Ok so this one was mostly my fault. Despite all the time I spent agonising over the schematic entry I ended up cocking a few things up. I was considering pasting and hot airing the board rather than manually soldering but since this would require doing each side of the board all in one go and anticipating potential screw ups I decided to manually solder stage by stage, testing as I went…wise choice.
Before I detail all of these I will mention what went right:
- Voltage regulator: The voltage regulator does its job giving a nice clean 3.3V and 1.2V
- FTDI: The FT2232 does its job allowing me to program the FPGA and communicate with it.
- HDMI buffer: Does its job, level shifts nicely, impossible to tell if it does anything to the HDMI signal since A. the HDMI sockets screwed (more on that in a sec) and B. I don’t have easy access to a scope to check the signal anyway.
- FPGA: After some tinkering I was able to program the FPGA and test that it does at least something that I told it to.
So what went wrong?
- FPGA flash: I switched the SI & SO lines resulting in the flash being unprogrammable it first. Straightforward fix to cut the traces and swap the lines. After that it was programming happily.
- FPGA configuration: Some pins that should have been pulled high or low for configuration were not/connected to things which would pulling in the wrong direction. Fixed by cutting traces, rewiring and adding pull up/down resistors where needed.
- Thermal reliefs: The thermal relief connects for the polygons were too big (I failed to take into account the use of 2oz copper), making soldering the ground connection on pretty much all the components a massive pain. This caused occasional dry joints and in general slowed down the assembly.
- Untented vias under components: Putting vias under components was fairly mandatory for a 2 layer board with fairly dense component placement, leaving them untented was not. By not doing so caused the excess solder added during the SMD soldering process to cause a short behind the package legs between 3.3 and 1.2V. A simple continuity test between all power rails after this prevented any damage to the board but did require further time to be wasted visually inspecting and fixing any time such a problem did crop up.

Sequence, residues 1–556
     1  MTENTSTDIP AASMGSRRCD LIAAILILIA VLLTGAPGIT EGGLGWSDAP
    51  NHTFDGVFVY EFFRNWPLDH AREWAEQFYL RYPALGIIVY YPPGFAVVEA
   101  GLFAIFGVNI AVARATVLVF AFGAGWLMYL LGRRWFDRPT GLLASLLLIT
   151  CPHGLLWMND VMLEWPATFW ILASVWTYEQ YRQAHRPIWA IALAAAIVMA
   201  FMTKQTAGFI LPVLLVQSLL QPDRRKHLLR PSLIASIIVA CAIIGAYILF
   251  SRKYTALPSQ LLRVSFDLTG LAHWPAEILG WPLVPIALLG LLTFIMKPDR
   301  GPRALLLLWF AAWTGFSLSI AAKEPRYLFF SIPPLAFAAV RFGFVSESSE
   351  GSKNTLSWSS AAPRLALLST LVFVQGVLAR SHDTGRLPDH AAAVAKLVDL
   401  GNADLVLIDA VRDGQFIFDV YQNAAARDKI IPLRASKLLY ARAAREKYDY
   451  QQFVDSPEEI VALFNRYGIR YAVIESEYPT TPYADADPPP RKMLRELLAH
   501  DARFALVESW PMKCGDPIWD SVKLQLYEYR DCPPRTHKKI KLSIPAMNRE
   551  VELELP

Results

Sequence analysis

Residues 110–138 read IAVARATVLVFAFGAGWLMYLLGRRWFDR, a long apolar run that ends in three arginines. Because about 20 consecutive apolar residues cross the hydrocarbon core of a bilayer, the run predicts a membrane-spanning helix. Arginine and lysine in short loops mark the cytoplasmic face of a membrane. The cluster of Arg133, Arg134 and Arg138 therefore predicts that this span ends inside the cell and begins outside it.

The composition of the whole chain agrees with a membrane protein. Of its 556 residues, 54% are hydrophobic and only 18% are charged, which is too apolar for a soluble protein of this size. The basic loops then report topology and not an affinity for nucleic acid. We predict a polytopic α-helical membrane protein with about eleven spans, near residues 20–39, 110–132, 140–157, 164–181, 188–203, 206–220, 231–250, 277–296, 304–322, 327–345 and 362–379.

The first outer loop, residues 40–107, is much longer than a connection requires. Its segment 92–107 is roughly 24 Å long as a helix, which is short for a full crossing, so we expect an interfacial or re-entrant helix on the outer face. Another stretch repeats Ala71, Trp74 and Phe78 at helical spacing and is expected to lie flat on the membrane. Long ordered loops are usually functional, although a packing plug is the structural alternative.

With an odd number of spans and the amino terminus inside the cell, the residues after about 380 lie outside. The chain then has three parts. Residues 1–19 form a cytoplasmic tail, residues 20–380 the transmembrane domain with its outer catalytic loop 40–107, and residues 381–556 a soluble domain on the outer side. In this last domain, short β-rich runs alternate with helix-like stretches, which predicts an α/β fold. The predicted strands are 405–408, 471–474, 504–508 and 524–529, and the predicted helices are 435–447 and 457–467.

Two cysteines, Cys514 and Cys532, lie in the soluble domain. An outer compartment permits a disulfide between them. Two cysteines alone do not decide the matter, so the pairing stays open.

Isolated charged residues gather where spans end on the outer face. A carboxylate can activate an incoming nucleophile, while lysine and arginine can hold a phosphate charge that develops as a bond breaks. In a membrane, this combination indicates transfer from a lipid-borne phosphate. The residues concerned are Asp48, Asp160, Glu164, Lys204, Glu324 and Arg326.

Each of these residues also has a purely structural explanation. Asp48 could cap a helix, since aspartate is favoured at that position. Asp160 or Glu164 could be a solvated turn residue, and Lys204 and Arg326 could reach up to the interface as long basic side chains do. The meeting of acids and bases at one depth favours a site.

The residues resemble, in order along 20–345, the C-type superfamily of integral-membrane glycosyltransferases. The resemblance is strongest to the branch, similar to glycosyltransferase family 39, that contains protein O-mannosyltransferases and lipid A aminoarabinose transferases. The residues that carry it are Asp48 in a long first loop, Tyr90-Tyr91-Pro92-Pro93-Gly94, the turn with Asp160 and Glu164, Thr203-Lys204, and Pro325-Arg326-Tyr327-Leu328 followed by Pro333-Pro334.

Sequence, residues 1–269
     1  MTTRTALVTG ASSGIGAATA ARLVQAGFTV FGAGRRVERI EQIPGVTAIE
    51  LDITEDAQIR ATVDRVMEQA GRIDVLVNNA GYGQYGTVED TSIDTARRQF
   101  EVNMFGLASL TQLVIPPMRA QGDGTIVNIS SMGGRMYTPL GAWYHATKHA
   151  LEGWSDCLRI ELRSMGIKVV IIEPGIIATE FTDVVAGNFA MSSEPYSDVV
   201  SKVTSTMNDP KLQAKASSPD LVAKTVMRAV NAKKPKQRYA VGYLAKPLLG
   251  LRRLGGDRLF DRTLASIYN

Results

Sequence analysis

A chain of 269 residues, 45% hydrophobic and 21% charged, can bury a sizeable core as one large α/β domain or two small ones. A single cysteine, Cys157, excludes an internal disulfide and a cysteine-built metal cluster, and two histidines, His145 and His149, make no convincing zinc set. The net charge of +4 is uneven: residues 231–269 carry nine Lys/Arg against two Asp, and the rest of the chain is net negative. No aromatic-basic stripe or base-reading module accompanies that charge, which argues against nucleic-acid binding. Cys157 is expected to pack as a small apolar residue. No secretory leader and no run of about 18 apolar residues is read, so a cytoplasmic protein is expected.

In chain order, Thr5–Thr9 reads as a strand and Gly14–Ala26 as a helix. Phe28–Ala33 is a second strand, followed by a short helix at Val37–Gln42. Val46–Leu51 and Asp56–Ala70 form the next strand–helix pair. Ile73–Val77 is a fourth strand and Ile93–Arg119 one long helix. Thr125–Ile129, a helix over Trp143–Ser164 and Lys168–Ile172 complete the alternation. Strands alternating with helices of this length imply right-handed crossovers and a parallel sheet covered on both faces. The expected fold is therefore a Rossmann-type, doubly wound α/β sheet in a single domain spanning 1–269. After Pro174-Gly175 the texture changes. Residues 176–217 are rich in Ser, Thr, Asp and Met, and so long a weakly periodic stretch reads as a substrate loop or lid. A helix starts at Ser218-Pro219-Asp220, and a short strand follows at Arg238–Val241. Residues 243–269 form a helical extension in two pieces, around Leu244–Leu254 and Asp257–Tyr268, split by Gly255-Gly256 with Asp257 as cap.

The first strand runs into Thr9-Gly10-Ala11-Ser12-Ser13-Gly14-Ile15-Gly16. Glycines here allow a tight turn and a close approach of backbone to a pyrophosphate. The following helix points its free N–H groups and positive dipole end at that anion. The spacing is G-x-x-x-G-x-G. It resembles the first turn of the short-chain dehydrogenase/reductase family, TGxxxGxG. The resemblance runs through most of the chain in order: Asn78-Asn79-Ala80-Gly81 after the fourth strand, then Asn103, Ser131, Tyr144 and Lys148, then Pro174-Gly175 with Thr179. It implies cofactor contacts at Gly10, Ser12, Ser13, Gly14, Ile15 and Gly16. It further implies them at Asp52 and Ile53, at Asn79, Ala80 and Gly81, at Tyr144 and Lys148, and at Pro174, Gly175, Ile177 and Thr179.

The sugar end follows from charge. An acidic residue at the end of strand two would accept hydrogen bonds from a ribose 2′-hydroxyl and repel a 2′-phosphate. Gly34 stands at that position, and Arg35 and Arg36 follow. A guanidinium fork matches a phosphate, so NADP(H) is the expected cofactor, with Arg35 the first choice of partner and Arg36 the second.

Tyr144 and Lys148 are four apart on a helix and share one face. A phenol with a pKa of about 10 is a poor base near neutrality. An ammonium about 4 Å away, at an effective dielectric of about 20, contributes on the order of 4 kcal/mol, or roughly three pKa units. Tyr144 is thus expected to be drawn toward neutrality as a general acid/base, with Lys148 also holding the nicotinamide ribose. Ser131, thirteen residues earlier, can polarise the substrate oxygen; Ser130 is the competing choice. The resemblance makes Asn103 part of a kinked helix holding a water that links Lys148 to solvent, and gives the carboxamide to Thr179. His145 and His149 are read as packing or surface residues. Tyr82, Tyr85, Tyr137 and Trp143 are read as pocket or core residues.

- HDMI socket: Somehow during the move from Eagle to Altium the schematic component library got screwed with the negative and shield pins getting switched on every single data and clock line. To fix this should have been possible…just, but would have required some pretty ninja like cutting and wiring. Even then it may not have worked since the traces would no longer be matched lengths.
Aside from a few other trivial issues there wasn’t too much else that went wrong. Once I hit the HDMI issue and realised what a pain it would be to fix I decided that simply getting a new board made with all the other problems fixed would be the sensible route. While being another £250 expense which I could have really done without, I felt it would be best to have a prototype that didn’t have cut traces and wires hanging off it for any pictures that would feature in the Kickstarter campaign. It also gave me an opportunity to remove the clock and data buffers (unnecessary as I will send this data through the GS lines) and the ESP8266 wireless module (unnecessary due to the recently released Pi Zero having in built wifi).
So at the time of writing this my new PCB has just shipped from China – cue import duty, which should turn up towards the end of this week. The only manufacturing difference between this board and the last is the decision to go for a matte black solder mask, mostly just out of curiosity. I will have a little vote on which people would prefer.